Rushing to Judgment on Howie Carr

One of the more interesting aspects of the Howie Carr controversy is the fierce criticism Carr has received from those who don’t buy the argument that Carr should be considered a legend in Boston talk radio. Recent articles by progressive commentators Dan Kennedy and Kevin Sowyrda accurately reflect the beliefs of those who dispute the notion that Carr’s one of the greatest of all-time.

Why is Carr’s status as a legend challenged by these dissenters? It mainly has to do with when Carr first became successful in this market.

The common argument from the anti-Carr folks is that Carr is inferior in terms of quality to the likes of Jerry Williams, David Brudnoy and Gene Burns—all of whom are undisputed legends, all of whom became successful before the “Limbaugh-ization” of talk radio in the late-1980s and early-1990s.

Carr’s success came after the “Limbaugh-ization” of the talk radio industry; he was undoubtedly, and perhaps unavoidably, influenced by Rush Limbaugh’s highly successful, highly “partisan” style. Those who regard the “Limbaugh-ization” of talk radio as a net negative will naturally challenge the belief that a host who was influenced by Limbaugh deserves to be considered an icon.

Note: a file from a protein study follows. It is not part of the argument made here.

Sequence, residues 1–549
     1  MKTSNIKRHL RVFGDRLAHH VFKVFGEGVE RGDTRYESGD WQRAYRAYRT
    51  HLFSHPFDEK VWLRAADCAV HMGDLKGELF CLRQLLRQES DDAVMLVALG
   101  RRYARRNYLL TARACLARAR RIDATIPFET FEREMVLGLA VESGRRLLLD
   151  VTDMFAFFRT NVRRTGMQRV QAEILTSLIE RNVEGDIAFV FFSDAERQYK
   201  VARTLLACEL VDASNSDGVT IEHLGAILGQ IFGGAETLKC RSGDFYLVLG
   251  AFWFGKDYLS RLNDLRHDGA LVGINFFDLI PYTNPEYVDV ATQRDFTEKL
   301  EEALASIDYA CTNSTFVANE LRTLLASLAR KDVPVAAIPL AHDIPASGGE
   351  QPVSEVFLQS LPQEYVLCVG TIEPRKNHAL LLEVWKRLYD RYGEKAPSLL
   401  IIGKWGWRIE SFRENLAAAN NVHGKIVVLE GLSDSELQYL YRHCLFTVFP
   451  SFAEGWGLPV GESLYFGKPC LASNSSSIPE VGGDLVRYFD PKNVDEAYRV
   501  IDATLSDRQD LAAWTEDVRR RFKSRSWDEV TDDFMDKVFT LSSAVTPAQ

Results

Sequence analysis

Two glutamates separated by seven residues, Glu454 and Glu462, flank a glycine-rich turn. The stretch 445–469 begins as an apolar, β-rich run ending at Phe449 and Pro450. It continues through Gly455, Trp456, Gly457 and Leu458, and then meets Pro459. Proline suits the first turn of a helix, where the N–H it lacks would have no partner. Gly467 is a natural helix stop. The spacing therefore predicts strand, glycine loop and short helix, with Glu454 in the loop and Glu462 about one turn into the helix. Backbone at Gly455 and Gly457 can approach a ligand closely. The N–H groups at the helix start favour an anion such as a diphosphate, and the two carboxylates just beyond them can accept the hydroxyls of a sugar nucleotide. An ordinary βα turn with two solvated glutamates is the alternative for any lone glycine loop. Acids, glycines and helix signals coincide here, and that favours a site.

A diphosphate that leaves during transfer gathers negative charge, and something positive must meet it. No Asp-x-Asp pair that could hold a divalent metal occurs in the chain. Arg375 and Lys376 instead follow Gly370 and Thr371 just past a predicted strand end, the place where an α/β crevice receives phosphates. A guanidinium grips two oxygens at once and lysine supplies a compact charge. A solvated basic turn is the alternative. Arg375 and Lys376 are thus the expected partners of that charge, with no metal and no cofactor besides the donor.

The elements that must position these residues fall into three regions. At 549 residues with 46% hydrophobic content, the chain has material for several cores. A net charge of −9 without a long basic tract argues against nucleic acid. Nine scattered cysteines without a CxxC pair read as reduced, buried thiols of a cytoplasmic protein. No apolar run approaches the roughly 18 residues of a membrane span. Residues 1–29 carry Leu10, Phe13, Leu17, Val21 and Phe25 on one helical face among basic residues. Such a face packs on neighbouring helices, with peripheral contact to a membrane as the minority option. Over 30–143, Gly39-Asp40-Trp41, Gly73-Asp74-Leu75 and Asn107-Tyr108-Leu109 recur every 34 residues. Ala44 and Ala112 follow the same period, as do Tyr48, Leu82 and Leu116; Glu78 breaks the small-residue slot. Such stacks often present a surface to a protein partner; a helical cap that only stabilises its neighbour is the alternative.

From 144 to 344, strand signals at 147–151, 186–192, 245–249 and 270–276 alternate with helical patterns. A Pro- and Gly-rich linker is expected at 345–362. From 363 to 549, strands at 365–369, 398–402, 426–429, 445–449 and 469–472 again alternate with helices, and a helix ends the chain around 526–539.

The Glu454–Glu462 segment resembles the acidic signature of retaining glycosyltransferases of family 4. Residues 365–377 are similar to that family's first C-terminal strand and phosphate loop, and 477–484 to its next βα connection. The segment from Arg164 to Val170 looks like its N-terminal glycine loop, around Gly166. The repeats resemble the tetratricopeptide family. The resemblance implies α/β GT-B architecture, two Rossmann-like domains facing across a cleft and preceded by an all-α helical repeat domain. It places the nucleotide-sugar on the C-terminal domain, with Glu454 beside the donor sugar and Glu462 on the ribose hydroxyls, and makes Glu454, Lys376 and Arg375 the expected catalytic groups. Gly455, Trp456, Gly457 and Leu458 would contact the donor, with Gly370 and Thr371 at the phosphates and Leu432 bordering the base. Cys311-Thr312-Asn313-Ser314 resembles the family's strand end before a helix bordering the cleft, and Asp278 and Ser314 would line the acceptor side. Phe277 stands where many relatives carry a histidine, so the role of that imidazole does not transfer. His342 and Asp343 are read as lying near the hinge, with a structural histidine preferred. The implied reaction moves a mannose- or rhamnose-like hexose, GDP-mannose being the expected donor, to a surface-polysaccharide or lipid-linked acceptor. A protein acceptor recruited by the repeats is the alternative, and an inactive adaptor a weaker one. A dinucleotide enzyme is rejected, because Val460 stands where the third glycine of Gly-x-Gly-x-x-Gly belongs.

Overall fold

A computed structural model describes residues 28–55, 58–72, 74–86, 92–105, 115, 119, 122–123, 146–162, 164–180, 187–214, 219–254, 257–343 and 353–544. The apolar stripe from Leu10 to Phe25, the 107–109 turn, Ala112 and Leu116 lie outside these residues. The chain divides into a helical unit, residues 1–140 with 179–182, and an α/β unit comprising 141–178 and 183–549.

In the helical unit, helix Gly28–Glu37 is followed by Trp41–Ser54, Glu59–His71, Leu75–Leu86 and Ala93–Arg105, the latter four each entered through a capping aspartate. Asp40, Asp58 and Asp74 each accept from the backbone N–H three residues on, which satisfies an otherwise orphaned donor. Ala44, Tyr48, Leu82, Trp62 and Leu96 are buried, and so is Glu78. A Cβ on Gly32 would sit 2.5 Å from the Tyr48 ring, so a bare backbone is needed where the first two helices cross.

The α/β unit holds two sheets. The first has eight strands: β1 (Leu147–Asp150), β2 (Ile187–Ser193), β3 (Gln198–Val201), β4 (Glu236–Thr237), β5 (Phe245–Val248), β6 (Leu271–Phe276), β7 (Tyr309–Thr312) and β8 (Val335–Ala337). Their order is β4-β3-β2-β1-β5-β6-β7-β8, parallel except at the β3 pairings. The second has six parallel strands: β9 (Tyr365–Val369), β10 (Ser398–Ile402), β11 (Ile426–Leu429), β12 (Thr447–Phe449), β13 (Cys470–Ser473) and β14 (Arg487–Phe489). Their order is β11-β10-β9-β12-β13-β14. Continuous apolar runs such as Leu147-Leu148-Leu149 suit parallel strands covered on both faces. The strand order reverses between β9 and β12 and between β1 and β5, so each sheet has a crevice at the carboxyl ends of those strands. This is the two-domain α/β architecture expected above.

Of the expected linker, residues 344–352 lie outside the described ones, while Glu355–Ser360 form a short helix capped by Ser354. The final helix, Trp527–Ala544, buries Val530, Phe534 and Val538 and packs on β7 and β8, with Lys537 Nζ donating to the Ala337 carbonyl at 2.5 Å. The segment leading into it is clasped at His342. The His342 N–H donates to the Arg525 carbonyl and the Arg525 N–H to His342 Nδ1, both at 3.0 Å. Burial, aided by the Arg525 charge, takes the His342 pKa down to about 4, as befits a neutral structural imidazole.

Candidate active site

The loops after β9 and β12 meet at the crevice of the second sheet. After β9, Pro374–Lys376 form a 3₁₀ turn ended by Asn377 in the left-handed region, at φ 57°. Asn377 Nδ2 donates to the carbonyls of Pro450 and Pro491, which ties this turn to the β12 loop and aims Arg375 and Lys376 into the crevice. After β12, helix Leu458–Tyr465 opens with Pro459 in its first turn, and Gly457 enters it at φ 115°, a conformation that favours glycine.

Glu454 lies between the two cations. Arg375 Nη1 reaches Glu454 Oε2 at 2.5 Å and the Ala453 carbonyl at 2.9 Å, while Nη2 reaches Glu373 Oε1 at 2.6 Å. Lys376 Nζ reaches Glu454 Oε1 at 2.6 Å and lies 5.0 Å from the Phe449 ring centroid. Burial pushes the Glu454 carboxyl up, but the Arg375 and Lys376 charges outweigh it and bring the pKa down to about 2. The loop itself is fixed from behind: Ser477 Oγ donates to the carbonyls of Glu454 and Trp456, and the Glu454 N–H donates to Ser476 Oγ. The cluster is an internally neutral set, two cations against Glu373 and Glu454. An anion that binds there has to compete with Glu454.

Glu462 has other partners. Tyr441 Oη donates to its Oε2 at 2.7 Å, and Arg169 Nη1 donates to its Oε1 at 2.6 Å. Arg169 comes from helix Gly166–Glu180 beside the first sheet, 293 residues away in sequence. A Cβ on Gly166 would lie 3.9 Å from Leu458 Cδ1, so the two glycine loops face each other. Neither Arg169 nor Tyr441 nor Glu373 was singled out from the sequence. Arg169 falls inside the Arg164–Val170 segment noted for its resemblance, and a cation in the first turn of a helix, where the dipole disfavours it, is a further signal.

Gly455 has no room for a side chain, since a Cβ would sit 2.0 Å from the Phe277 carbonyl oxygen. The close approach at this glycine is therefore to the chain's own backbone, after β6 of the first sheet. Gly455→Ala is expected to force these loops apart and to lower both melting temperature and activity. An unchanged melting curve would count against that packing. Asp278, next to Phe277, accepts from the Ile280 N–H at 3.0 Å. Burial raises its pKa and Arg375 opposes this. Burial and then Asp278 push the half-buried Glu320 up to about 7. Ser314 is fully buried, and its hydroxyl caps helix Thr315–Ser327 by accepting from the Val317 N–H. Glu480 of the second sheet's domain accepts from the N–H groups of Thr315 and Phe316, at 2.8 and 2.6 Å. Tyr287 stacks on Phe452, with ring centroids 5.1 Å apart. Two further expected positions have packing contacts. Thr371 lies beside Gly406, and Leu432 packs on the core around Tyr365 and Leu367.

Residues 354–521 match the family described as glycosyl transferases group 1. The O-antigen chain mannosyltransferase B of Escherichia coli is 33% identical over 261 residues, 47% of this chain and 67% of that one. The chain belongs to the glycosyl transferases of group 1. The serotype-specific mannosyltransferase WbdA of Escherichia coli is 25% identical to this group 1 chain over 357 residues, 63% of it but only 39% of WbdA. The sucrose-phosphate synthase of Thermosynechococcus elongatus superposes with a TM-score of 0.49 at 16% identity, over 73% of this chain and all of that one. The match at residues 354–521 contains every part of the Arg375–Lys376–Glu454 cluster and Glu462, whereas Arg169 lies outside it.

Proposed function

Just because Carr’s radio persona was more influenced by Limbaugh than Williams doesn’t mean that he shouldn’t be accorded Williams’ status as a legendary Boston host. I certainly don’t think either Carr or Limbaugh are flawless, but isn’t it obvious that much of the criticism of Carr mirrors the criticism of Limbaugh—whose legendary status in the national radio market can’t really be disputed either?

I understand the argument that the “Limbaugh-ization” of the industry brought an end to the “Golden Age” of Boston talk radio. I also understand—and partially agree with—the argument that, as a result of such “Limbaugh-ization,” hosts such as Carr embraced content that Williams, Brudnoy and Burns would have eschewed. However, attacking Carr’s status in this market merely because he was influenced by Limbaugh is rather shortsighted. It shouldn’t be held against Carr that he became successful in the post-Limbaugh era. Carr’s style was markedly different from the style employed by Williams, Brudnoy and Burns—but that does not mean he shouldn’t join them on Boston’s list of legends.

About D. R. Tucker